The theory behind an infrared rangefinder is that pulsed infrared is emitted from an IR led and then reflected back off an object into an IR receiver. As light adheres to the inverse square law which states that as distance from a source is increased, the intensity decreases by the square (Source: http://hyperphysics.phy-astr.gsu.edu/hbase/vision/isql.html). Essentially, the light is emitted by the infrared LED, which then bounces off the object. In the first instance, the LED is the emitter and the reflective object is the observer. Once the light hits the object, it then bounces off and is reflected back to the IR receiver. The object is then acting as the source of light so the inverse square law takes effect twice. This has the problem that the maximum range of the rangefinder is quite short and to increase the range, higher power LED’s would be required.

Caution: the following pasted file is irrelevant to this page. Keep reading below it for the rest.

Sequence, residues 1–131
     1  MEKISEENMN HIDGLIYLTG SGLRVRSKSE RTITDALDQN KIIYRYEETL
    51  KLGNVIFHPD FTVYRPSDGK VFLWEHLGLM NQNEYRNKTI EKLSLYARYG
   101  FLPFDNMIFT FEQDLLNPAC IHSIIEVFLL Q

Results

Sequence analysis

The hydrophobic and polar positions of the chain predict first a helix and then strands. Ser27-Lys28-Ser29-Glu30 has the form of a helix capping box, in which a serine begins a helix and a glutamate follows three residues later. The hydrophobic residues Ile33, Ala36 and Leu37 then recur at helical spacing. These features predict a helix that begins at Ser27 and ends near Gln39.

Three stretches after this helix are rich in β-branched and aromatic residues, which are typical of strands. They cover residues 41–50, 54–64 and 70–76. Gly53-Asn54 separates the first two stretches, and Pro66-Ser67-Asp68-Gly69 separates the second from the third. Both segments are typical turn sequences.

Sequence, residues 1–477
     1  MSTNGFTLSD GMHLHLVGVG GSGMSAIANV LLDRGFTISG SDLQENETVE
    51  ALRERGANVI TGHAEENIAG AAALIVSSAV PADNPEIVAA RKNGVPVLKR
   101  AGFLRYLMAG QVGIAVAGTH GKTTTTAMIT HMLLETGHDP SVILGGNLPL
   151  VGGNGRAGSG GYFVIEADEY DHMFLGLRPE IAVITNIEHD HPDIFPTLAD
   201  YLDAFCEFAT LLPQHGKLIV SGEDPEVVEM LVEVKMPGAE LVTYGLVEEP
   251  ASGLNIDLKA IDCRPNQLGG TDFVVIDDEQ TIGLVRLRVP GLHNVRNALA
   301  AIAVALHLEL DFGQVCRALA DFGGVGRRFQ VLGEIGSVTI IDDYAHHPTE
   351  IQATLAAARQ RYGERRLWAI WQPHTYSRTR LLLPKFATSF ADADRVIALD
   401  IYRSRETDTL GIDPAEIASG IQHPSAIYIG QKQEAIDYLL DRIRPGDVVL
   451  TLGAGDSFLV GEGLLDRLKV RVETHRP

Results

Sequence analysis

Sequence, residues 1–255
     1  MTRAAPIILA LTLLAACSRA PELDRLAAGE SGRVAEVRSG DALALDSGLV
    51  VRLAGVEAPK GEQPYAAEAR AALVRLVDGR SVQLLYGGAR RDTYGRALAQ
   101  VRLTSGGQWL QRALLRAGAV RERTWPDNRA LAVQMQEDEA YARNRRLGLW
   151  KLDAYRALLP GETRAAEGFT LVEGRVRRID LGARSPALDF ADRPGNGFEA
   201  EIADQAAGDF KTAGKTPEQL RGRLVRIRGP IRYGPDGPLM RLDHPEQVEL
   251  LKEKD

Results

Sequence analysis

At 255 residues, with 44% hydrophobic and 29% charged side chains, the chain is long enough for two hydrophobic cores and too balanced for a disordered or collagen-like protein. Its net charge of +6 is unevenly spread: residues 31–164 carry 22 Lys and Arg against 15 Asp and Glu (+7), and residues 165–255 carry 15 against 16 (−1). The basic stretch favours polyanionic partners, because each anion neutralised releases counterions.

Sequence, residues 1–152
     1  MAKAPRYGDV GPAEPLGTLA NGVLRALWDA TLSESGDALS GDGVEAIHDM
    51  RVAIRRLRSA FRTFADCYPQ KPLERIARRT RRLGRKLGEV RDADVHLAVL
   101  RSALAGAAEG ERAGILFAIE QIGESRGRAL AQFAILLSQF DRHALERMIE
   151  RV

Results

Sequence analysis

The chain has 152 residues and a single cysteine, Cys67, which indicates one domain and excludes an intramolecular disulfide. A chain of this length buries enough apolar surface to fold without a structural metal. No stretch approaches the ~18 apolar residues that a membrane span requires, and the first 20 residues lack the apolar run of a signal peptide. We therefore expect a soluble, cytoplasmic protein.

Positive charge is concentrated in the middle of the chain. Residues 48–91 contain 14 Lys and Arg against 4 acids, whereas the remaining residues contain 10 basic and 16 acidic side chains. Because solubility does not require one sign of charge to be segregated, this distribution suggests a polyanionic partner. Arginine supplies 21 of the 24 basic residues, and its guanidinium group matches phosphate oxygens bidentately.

Another problem that takes affect with light based rangefinders is how it can be affected by ambient light. I fix this in my rangefinder by modulating the emitting LED. Without this modulation, a simple light bulb connected to the mains can affect the result by superimposing 50Hz onto the actual signal.
My rangefinder works through having a modulated IR source at an ultrasonic frequency, being detected by a IR receiver (IR photodiode) which is then fed into a high pass filter, amplified and peak detected.